Pull the retractors forward, towards the camera and out to the side.
Keep both retractors in a straight line, which is at 90 to the patients midline.
Ensure that the lips do not obscure the teeth or gums.
The teeth should be in occlusion, with the patient gently biting together on
their back teeth.
The patients centre-line should be in the centre of the photograph.
Keep the occlusal plane horizontal and in the middle of the frame; it should
appear as a straight line all the way across the picture, from the left to the right
molars.
Keep the lens axis in line with the occlusal plane, so that the camera is not
looking up or down at the teeth.
Focus on the second incisors.
The centre-line should equally divide the image horizontally










Figure 7a Camera and retractor alignment for anterior View of teeth
















Figure 7b The Anterior view



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Orthodontic Photography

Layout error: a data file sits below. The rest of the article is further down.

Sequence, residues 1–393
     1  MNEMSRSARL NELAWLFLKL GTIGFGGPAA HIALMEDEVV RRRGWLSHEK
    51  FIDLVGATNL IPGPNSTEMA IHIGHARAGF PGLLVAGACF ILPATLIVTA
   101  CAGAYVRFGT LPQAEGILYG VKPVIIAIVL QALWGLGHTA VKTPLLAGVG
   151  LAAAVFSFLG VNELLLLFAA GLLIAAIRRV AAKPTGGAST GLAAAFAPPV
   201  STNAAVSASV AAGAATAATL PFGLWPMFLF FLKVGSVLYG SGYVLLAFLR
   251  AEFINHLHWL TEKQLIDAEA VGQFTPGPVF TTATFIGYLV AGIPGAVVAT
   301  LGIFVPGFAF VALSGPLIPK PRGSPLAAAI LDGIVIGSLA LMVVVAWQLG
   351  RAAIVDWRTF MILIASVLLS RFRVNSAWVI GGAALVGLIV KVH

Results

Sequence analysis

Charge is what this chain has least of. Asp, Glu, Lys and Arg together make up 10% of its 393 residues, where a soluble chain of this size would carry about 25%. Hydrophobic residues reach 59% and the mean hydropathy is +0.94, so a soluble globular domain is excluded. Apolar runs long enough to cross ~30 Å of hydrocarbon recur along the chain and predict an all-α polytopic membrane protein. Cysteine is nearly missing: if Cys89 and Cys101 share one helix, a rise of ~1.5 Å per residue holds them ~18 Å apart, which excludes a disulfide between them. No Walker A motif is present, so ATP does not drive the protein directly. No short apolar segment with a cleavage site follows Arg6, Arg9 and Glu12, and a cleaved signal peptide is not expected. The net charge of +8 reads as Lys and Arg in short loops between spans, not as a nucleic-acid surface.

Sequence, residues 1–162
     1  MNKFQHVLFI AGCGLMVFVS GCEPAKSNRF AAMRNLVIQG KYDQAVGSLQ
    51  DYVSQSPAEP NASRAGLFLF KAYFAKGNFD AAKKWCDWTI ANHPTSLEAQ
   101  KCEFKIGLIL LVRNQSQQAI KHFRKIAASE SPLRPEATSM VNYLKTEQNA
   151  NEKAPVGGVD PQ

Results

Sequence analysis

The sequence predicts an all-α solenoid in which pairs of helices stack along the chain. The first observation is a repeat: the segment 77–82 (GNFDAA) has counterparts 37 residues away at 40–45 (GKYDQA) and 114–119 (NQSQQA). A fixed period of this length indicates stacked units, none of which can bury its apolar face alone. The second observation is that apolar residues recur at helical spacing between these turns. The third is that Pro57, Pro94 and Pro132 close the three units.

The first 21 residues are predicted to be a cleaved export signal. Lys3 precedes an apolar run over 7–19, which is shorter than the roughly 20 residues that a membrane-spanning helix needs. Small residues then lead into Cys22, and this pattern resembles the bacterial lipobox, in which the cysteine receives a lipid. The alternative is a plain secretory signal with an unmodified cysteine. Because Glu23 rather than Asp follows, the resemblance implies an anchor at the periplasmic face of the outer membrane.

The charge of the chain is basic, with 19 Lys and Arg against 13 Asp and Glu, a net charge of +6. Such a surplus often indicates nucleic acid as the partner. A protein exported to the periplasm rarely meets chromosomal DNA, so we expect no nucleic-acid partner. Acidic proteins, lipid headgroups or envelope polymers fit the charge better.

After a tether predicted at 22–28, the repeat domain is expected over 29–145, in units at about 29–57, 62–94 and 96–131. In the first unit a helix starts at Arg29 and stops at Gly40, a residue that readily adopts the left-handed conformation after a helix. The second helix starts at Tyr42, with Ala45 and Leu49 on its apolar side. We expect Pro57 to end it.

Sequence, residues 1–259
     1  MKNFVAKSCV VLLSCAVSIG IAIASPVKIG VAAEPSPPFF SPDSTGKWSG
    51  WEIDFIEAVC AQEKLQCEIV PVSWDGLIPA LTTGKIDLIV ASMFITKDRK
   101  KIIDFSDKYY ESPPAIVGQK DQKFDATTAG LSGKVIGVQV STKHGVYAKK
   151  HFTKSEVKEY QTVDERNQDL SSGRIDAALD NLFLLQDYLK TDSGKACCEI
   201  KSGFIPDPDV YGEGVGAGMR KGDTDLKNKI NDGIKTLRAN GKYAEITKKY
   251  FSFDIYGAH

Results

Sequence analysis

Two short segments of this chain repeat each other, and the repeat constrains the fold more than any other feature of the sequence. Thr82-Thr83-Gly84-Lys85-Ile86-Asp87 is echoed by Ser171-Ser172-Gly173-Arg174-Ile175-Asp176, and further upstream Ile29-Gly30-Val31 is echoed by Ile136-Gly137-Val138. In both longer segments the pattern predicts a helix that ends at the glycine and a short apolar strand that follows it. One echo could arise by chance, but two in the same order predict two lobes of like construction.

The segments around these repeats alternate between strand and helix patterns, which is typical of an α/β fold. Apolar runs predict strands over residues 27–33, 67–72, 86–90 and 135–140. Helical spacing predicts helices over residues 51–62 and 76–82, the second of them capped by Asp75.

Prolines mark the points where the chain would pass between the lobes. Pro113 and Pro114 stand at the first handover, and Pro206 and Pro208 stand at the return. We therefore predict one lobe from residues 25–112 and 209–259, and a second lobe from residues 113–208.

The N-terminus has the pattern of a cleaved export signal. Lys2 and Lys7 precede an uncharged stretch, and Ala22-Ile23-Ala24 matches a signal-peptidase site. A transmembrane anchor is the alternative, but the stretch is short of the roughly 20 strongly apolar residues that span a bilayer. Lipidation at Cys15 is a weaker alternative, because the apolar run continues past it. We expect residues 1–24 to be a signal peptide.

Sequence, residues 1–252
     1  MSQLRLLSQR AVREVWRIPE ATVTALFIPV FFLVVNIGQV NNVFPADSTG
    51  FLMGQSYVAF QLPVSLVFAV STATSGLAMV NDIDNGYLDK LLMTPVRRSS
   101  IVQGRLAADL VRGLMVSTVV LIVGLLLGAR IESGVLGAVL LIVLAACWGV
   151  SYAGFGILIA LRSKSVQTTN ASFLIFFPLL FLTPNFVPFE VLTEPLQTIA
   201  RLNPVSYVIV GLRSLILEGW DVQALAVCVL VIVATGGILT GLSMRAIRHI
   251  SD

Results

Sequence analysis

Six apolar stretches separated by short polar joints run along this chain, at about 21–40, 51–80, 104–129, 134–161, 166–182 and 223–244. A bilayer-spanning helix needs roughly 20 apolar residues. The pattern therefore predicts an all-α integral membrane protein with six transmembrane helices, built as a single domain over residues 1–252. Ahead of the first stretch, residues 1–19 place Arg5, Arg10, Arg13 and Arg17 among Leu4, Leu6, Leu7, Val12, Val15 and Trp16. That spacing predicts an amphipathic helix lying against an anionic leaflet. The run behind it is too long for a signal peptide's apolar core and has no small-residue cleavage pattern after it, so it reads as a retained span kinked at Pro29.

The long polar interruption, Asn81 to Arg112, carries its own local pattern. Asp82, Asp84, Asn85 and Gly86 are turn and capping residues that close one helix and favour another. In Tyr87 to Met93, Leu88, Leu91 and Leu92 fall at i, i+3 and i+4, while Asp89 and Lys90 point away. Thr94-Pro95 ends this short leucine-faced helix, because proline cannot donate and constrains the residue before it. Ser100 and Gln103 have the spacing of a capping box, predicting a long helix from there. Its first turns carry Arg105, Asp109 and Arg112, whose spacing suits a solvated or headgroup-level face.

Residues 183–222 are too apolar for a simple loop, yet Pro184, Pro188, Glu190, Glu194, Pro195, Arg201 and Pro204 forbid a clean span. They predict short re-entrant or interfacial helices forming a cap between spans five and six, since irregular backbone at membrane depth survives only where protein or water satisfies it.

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The Right and Left Buccal Views (See Figures 8a & 8b)

A scale of 1:2 should be used if the camera has a full frame sensor.
One retractor should be in a central position (under the patients nose).
The other retractor should be pulled back towards the patients ear and slightly
away from their cheek. This should lift the buccal mucosa away from the
molars.
With some patients, it can help retraction if a smaller retractor is used at the
side and a larger retractor is used in the central position.
Aim to show from the central incisor to the 2
nd
molar (7) and if possible, to the
3
rd
molar (8).
Focus on the first premolar tooth (4).
The camera should be positioned at 45 to the patients midline.
Keep the occlusal plane horizontal and in the middle of the frame; it should
appear as a straight line all the way across the picture, from the central
incisors to the molars.
Keep the lens axis in line with the occlusal plane so that the camera in not